“Events, Dear Boy” managing incidents before they become crises


You will probably recognise the quote. When Prime Minister Harold Macmillan was asked what was the greatest challenge for a statesman, he replied: ‘Events, dear boy, events’. The same is true for most leaders and organisations.

Events Happen. When they do a lot of things are at stake: lives, livelihoods, reputation. So knowing how to respond is a key survival skill for leaders and organisations of all kinds. In my own career I have learnt many of my most important lessons – including how to manage incidents – the hard way: by making mistakes. As President Kennedy liked to say: “Good judgement is usually the result of experience. And experience is frequently the result of bad judgement”.

I hope you will find the lessons I have learnt useful in your own world. And whatever world that is, whether it’s government, business, the NGO sector or something else, and whatever your own organisation does, I submit that knowing how to manage incidents is something that will come in handy. That’s because, to quote a third and slightly less successful political figure, Leon Trotsky, you may not be interested in war, but war is interested in you. Incidents, like events, have a habit of happening whether you like it or not.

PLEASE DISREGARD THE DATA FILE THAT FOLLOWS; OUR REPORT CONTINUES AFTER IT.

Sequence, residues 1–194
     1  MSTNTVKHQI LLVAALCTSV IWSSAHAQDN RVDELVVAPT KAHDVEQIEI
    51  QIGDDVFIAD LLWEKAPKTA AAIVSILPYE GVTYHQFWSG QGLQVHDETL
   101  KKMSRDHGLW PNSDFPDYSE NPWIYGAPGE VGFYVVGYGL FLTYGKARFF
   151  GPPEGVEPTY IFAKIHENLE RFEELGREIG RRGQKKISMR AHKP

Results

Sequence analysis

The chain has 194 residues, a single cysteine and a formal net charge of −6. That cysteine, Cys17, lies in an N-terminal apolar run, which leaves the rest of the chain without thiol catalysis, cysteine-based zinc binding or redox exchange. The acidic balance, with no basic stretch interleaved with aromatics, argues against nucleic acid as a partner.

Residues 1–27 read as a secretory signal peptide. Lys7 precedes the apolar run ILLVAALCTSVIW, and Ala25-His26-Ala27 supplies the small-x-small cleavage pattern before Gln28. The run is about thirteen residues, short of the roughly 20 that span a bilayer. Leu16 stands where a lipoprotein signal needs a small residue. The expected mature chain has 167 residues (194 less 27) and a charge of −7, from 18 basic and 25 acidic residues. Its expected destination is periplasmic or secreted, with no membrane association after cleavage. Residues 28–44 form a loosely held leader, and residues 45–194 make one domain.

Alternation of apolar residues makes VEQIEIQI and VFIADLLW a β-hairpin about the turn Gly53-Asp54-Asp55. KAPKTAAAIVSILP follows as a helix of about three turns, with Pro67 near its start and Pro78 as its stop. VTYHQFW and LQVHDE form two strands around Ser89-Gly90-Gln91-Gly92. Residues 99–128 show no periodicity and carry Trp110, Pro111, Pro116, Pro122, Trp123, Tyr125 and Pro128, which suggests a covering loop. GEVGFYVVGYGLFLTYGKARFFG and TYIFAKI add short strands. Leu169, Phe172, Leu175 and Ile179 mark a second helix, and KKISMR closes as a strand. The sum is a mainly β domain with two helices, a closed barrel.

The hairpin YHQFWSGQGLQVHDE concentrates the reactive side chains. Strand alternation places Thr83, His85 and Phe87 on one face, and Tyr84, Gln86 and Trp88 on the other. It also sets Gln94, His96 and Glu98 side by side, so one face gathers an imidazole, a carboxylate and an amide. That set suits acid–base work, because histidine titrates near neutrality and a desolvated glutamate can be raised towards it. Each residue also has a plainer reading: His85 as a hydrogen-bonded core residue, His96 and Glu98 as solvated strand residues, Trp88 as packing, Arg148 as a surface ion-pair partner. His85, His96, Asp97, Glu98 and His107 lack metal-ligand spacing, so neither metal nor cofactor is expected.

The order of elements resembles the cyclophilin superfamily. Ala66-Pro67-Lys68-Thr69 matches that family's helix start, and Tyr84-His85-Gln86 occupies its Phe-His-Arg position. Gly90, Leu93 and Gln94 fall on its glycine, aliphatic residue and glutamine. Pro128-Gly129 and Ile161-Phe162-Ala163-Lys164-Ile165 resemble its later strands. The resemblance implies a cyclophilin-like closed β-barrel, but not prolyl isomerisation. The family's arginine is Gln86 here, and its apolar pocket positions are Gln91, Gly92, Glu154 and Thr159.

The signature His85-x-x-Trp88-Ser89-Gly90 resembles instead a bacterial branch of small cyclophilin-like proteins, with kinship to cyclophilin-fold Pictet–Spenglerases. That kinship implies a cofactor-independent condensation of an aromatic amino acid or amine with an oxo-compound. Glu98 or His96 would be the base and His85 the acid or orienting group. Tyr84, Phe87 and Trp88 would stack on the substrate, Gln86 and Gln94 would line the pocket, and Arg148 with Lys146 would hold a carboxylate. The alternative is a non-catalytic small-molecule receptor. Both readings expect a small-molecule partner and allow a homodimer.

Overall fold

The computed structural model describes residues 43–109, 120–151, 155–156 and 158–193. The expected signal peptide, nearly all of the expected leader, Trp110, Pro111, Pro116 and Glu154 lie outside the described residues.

So my aim today is to give you News You Can Use. I will outline how the Environment Agency handles incidents; give you my Top Tips for good incident management; and tell you how we in the EA are managing the unique challenges of Coronavirus.

The EA’s role in incidents

The Environment Agency is a Category One emergency responder under the Civil Contingencies Act 2004. We work with the emergency services, the local authorities and other partners to plan for, respond to and aid recovery from emergencies affecting people and the environment across the country. Often we are the sole or lead responder, but on many occasions we are part of a coalition working with our professional partners in the 38 Local Resilience Forums across England.

We handle a wide variety of incidents. They include: